16 The plaintiff submits that the Court should take a purposive approach the construction of section 24 of the Act. The plaintiff submits that the underlying purpose of the section is limited to prohibiting parties from dividing a cause of action to come within the jurisdictional limit of an
Inferior court. As that is not the case in the present instance, the section should not apply.
17 A number of authorities from the mid nineteenth century relating to the splitting of a cause of action support the plaintiff’s contention that the underlying intention of the provision was to prevent a plaintiff from bringing several claims on a cause of action for the purpose of coming within the monetary jurisdiction of the court (see for example; Grimbly v Aykroyd  EngR 444, (1847) 1 Exch 479).
18 It is clear that section 24 has its origins in preserving the monetary jurisdiction limits of inferior courts. The predecessors of section 24 appeared in the earliest versions of statutes creating inferior courts within NSW. Section 12 of the District Court Act 1858 (NSW) provided:
“It shall not be lawful for any plaintiff to divide any cause of action for the purpose of bringing two or more suits in any of the said Courts but any plaintiff having a cause of action for more than the amount for which a plaint might be entered under this Act may abandon the excess (which abandonment shall be stated upon the plaint) and thereupon the plaintiff shall on proving his case recover to an amount not exceeding two hundred pounds and the judgment of the Court upon such plaint shall be in full discharge of all demands of the Court upon such cause of action”.
r . 19 Similar provisions have been enacted on the creation of inferior courts in a number of common law jurisdictions. In the United Kingdom section 63 of
the County Courts Act 1846 (UK) provided “it shall not be lawful for any plaintiff to divide any cause of action for the purpose of bringing two or more suits in any of the said courts.” The Victorian legislature created county courts in 16 Viet No 11 (1852). That enactment contained a similar prohibition on dividing a cause of action for the purpose of making two or more suits within one or more county courts. Those provisions have been re-enacted in subsequent legislation.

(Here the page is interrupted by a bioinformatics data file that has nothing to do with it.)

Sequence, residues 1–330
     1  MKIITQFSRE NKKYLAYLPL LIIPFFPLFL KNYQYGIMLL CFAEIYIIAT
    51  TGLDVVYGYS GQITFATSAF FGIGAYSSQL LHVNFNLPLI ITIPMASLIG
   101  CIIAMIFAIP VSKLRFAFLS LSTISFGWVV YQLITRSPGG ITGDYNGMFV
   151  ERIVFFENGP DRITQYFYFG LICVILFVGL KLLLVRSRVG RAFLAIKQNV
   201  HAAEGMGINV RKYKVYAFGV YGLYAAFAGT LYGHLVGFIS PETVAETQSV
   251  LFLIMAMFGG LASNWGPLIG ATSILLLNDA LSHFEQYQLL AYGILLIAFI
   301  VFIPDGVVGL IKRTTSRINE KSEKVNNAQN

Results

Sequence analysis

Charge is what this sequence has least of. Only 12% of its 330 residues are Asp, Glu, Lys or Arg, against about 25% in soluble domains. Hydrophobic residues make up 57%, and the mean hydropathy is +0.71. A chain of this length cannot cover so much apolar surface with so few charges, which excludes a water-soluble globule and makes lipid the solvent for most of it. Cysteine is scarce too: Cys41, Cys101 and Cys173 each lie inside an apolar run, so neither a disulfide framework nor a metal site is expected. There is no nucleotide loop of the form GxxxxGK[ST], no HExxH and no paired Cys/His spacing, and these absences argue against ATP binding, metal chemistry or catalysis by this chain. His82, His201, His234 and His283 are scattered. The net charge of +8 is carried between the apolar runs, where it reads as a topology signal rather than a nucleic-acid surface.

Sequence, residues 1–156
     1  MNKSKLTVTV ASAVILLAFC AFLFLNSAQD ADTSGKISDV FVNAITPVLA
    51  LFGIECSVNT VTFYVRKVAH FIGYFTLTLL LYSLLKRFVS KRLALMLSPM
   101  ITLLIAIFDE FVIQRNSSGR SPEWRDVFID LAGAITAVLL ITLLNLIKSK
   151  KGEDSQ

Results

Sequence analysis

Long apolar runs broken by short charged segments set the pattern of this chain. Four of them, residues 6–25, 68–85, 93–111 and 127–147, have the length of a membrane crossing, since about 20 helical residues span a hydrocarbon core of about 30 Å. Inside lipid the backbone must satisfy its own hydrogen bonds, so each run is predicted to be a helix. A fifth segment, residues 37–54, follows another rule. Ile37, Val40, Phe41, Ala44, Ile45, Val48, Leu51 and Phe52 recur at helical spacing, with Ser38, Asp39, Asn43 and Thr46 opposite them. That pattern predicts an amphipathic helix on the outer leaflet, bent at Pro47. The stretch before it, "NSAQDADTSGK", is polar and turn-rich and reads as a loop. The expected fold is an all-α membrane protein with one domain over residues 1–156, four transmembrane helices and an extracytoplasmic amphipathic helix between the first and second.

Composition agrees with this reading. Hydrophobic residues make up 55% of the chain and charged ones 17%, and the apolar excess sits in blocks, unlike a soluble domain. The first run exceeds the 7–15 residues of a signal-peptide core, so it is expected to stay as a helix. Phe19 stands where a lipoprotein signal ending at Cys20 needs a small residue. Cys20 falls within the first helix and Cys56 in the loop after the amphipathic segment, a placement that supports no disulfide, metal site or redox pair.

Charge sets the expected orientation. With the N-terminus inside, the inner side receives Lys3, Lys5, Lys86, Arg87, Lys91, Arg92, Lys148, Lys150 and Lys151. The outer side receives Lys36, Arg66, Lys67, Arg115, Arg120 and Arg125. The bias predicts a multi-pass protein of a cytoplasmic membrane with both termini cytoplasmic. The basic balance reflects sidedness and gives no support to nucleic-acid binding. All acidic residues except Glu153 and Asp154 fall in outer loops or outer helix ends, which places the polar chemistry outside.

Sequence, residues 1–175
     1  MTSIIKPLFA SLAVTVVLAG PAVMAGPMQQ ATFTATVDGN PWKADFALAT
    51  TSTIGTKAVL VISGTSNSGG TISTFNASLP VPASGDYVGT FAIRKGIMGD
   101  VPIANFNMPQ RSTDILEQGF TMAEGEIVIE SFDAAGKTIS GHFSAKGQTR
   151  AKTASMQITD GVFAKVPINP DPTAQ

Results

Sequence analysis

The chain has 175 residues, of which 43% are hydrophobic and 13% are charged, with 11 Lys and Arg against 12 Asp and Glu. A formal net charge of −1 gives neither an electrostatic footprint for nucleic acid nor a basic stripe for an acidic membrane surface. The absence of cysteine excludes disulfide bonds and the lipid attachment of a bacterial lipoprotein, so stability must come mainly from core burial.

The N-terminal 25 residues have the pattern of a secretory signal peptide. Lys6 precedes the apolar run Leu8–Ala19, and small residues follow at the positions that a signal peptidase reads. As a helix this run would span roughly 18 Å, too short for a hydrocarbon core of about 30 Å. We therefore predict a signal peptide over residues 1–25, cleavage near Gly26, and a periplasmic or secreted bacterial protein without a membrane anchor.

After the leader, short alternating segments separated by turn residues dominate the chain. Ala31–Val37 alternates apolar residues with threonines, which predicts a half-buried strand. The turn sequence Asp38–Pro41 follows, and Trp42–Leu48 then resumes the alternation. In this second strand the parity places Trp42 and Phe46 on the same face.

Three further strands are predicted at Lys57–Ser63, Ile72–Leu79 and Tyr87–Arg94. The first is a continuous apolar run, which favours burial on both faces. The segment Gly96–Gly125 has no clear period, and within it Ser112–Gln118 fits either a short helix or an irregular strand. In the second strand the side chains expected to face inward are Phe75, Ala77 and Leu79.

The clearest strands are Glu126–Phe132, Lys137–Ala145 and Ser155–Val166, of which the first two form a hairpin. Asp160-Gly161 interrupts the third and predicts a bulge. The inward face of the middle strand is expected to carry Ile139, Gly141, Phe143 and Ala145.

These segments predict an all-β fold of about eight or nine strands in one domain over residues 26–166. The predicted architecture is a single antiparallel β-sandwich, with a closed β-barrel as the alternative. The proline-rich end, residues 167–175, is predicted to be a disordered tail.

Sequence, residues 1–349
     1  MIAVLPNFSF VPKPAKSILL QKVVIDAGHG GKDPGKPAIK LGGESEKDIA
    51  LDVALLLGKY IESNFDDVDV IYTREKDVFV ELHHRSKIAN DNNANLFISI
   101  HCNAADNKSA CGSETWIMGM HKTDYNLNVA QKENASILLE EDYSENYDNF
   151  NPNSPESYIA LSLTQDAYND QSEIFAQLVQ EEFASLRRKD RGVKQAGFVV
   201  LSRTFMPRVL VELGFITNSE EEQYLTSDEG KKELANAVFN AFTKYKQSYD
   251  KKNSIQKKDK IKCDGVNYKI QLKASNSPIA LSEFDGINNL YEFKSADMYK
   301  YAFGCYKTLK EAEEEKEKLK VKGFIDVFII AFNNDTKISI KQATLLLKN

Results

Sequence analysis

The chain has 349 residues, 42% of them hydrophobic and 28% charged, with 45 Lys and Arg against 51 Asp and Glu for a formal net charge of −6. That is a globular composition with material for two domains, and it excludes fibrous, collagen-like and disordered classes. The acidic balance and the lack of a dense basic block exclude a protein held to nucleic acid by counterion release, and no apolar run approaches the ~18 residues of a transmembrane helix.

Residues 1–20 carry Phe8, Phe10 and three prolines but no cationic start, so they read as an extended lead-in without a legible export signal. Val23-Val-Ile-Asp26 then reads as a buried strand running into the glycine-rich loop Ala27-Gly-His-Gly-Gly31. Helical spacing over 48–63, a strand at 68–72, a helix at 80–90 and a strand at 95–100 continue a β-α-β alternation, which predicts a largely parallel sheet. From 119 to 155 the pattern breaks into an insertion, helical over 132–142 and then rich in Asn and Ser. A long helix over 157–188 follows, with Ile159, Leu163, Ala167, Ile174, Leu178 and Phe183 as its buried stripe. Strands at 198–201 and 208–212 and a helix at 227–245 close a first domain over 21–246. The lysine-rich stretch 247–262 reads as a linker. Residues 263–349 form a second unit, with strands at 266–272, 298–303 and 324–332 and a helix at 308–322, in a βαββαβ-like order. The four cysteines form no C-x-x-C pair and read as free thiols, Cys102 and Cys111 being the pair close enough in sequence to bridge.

20 While the provision is common within the legislative regimes establishing inferior courts it has not generally been extended to superior courts.
Clearly, the absence of monetary jurisdictional limits makes such a provision unnecessary in superior courts. Furthermore, in circumstances where a plaintiff splits a cause of action in a superior court the court may rely on its inherent powers to regulate proceedings to protect against a potential abuse of process or to either stay or strike out proceedings based on a plea of res judicata. In the mid nineteenth century when district
courts, county courts and other inferior courts were created by the
legislature it was necessary to source powers to deal with a potential abuse of process within the statute.
21 As a principle of statutory interpretation, there is a presumption that a legislature intends to attach the same meaning to a provision when it is used in subsequent statutes (see Lennon v Gibson and Howes Ltd [1919} AC 709 at 711-712). However, that presumption is weakened in the present case as the provisions of section 24 of the Civil Procedure Act
2005 materially differ from the earlier provisions. Section 24 does not
contain the limitation existing in earlier provisions that require evidence of the purpose of splitting a cause of action. Furthermore, whereas earlier provisions precluded the commencement of multiple proceedings based on the same cause of action and was therefore operative before any judgment was given, section 24 provides a mechanism that only applies where a judgment is given in respect to one action.
22 Having regard to these changes Court is of the view that section 24 of the Civil Procedure Act cannot be considered in a restrictive manner suggested by the plaintiff. Section 24 is in broader terms than the earlier enactments. By removing reference to the purpose of splitting an action the prohibition is now in general terms. It still protects against a plaintiff splitting a cause of action for the purpose of bringing a matter within a monetary jurisdiction of an inferior court, however, it now may have application whenever a plaintiff splits a cause of action and obtains a judgment in one of the proceedings. The current provision more closely mirrors the common law principle of res judicata.
23 The second issue that the court must consider is whether the plaintiff in bringing proceedings against the defendant for damages for loss of use of a motor vehicle in relation and then separate proceedings in relation to damages for repairs to the vehicle divided his cause of action.